Saturday, January 18, 2014

"too many freedoms"

An Israeli draft law that would criminalize the use of the word Nazi in most cases has sparked a debate on freedom of speech in a state that was founded out of the ashes of the Holocaust....
"We allow too many freedoms which are taking over in a way that is harming us," [the bill's sponsor said.]
You can fairly hear a white-whine constituency inveighing against even the suggestion of "too many freedoms." If you curtail freedoms, you invite enslavement ... something along those lines. And there is plenty of historical data to back up the outrage.

But isn't it the fact that parents, for example, routinely curtail the freedoms of their children as a means of keeping them from physical or mental pain? And who hasn't told a white lie or two or remained dutifully silent when asked about a set of circumstances which, if a friend or loved one became aware of them, would cause discomfort or worse?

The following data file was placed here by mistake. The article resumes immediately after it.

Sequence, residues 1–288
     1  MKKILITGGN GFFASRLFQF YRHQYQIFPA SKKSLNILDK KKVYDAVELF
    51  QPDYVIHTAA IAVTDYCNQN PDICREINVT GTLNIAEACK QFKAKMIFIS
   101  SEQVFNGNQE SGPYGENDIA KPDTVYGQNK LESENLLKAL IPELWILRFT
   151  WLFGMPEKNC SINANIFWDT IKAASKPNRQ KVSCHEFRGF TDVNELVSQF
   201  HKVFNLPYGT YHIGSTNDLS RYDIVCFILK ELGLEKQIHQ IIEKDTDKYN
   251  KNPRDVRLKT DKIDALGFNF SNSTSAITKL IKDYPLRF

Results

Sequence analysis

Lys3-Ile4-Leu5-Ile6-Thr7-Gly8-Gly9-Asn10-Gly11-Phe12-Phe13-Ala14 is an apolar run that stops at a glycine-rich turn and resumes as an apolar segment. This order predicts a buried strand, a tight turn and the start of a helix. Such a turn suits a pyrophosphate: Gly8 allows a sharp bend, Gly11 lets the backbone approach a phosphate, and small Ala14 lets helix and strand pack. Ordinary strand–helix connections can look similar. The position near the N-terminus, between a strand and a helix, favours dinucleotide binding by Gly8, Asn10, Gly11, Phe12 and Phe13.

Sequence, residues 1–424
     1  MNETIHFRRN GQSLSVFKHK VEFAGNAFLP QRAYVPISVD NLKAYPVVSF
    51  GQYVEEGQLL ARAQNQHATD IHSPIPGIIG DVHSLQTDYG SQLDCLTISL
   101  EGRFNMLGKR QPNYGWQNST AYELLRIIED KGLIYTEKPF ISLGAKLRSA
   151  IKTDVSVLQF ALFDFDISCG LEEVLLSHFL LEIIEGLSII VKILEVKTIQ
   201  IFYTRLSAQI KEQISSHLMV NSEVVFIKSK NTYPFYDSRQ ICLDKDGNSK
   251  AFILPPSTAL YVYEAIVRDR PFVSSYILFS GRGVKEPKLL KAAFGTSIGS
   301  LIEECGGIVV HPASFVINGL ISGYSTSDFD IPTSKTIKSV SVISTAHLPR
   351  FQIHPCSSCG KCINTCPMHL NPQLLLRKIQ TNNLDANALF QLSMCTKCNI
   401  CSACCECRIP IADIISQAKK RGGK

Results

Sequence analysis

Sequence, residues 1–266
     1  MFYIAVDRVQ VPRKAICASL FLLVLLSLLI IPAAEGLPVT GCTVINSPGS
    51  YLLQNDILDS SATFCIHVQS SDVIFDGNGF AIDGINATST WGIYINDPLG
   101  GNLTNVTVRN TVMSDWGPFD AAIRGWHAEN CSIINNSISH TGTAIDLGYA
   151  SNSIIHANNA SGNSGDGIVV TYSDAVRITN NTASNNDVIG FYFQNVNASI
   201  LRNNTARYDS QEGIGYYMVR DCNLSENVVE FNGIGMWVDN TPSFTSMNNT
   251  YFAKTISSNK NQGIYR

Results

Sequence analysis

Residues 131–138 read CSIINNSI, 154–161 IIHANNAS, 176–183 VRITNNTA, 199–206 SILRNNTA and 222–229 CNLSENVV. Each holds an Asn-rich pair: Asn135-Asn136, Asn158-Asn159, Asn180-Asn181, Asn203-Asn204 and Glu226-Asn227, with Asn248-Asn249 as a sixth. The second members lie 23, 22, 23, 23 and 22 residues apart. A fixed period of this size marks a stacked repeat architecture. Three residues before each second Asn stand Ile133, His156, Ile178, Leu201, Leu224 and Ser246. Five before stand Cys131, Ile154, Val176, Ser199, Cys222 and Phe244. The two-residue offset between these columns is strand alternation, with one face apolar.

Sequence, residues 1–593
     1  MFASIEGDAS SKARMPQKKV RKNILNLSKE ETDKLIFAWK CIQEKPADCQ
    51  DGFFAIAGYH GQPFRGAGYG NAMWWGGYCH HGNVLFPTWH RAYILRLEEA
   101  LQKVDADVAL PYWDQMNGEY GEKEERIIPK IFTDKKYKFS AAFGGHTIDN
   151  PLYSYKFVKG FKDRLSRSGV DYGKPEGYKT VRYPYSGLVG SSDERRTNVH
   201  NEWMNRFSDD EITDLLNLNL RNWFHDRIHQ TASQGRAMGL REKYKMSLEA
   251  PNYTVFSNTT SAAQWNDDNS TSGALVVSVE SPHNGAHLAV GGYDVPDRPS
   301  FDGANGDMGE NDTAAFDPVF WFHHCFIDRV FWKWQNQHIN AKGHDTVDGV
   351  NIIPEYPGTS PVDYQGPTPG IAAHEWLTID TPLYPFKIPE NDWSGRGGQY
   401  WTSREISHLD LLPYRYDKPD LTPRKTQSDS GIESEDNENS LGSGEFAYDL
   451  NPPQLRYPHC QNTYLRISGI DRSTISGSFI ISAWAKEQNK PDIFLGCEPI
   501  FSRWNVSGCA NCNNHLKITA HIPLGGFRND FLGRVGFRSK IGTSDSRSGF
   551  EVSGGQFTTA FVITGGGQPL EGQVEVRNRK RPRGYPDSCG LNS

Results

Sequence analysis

Perhaps the conundrum is made clear in the joke about why old men don't get hired:
Job Interview
Human Resources Manager: "What is your greatest weakness?"
Old Man : "Honesty."
Human Resources Manager: "I don't think honesty is a weakness."
Old Man : "I don't really give a shit what you think."
In times gone by, there was the admonitory tale about the young mother who, before she left the house, told her children, "And while I'm gone, don't stick beans up your nose." The kids, who had never thought of the possibility, were of course intrigued....

Freedom becomes ever more wondrous with the application of strictures. But without strictures freedom turns to chaos. So ... which will it be? The sages may stroke their beards and suggest that circumstances dictate appropriateness. But this appreciation gives equal latitude to some pretty outlandish enslavements.

I don't have any answer. I'm just intrigued by the question of "too many freedoms."

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